Like Plague, the narrative reads like a carefully scripted screenplay, and captures what would be a tense and compelling crime drama. After a few days, a storm descends on the conference centre and the power cuts out – this is all after the small matter of two murders taking place. Those left at the centre are all suspects, and unfortunately no one can escape – the roads are blocked and once again, Cassie comes to the fore as a lead investigator in the murder inquiry. There are official police investigators, but Cassie’s instinctive competence allows her to slide easily into the role, whether she likes it or not.

The plot flows at a sustained pace, never slowing, never a dull moment. Beyond the fabulous dialogue, we have the beautiful landscape illustrated in words. We start to get inside the characters of the people who are so determined to keep their masks in place. Their eccentricities are illuminated in perfect light, their character flaws surfaced but with no criticism; Cassie is not one to judge. She herself remains wounded; she has not yet let go of the terror she experienced at the hands of Plague's bad guys. In the first novel, I didn't initially warm to her; I remember she even irritated me to some extent, but meeting her again, she does seem to have matured, perhaps developed more resilience. She seems more grounded here, albeit still fragile to a certain degree, but conversely empowered by the fear she felt before. She is the perfect level-headed persona to inject into a situation where in a moment everything could derail and crucially, she is able to detach herself from the melee. Selfishly, she has her mission, and her potential failure to complete the task she is undertaking on behalf of the PM is compromised by the murders. She needs to solve the case to maintain her own sense of credibility and deliver her objective to the prime minister.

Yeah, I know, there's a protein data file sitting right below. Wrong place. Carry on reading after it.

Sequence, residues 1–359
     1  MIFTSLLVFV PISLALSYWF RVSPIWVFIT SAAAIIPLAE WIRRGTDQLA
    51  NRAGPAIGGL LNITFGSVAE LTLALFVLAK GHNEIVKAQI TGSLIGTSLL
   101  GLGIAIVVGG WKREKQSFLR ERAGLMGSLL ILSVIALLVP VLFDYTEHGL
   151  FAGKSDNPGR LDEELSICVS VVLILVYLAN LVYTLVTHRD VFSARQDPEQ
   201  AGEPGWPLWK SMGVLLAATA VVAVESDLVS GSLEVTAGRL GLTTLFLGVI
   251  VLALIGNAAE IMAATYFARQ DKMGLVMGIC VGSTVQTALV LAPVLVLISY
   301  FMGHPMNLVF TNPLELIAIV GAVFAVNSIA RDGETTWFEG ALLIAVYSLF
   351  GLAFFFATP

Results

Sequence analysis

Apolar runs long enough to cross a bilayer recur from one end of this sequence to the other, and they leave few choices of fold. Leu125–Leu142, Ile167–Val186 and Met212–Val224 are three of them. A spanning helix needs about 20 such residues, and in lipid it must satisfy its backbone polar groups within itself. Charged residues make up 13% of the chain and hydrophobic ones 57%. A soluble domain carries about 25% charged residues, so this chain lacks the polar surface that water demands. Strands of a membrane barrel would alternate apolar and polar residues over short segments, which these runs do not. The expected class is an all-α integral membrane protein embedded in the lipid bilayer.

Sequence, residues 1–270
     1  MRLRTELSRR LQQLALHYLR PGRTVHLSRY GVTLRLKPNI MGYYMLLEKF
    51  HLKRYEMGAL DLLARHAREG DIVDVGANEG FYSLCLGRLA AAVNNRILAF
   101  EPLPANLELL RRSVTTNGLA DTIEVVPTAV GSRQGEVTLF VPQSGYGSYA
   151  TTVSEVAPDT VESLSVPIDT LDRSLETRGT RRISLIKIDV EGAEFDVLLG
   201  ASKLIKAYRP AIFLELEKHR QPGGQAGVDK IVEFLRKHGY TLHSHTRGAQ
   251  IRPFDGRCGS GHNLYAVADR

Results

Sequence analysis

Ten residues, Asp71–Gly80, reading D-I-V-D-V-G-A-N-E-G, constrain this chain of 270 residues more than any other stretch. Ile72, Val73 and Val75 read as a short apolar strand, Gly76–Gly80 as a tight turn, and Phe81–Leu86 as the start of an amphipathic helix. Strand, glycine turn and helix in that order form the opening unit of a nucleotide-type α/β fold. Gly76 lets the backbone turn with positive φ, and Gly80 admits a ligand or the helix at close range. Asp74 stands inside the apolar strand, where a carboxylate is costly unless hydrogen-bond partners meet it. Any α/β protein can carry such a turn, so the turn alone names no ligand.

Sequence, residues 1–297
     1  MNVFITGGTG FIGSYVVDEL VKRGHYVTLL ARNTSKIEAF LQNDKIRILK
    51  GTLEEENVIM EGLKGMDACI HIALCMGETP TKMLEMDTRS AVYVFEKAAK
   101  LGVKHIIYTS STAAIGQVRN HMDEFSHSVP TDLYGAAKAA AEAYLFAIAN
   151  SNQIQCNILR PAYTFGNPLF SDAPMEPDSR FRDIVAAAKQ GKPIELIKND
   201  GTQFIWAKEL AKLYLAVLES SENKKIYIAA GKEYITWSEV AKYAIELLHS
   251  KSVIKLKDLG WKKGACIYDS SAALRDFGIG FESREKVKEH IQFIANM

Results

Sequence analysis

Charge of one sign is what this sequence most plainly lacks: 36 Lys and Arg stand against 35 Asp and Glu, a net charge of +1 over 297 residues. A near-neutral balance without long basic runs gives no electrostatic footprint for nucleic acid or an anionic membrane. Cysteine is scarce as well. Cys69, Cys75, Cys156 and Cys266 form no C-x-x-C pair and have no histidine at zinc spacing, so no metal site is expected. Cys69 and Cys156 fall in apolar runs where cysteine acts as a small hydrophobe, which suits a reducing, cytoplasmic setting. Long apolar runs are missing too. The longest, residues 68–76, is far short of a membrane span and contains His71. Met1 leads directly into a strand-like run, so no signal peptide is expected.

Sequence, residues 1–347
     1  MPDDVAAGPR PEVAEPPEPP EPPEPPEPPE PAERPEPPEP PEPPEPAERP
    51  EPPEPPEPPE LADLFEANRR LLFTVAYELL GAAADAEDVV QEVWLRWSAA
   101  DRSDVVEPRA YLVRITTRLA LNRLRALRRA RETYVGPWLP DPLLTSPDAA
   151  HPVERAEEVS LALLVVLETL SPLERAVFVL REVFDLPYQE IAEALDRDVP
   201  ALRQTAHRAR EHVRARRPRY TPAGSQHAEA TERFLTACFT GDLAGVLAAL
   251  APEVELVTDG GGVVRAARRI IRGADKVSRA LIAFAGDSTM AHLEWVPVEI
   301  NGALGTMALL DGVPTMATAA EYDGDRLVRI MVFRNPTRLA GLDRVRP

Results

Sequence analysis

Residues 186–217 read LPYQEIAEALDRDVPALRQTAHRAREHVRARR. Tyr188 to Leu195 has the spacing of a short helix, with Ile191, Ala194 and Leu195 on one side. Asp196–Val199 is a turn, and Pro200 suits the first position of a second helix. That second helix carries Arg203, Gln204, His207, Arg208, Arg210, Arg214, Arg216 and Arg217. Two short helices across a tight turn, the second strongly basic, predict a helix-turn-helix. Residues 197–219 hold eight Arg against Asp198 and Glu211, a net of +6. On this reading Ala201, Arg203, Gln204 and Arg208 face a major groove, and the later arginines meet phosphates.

The characters grow, develop and build as the plot strengthens its complexity and intrigue. All events are witnessed through the careful observation of Cassie; her own reserve perhaps brings her counterparts out of their shells and a tentative friendship is formed with the only person she can really trust, her translator. We witness a romance, jealousy, cultural clashes and misalignment, corruption and deceit - and a fitting calamity on a dark, stormy night.

Oracle provides a cleverly conceived plot, delivered via an engaging narrative that keeps the pages turning. Anderson has once again produced an intriguing tale of mystery, murder, and high drama. Underpinned with the mysticism of Greek mythology, and capturing nuances of a modern landscape with which we may not be familiar, we experience characters and personalities artfully drawn, with pacy, terse and dynamic dialogue – all in all, this novel is one to recommend!


Oracle is published by Claret Press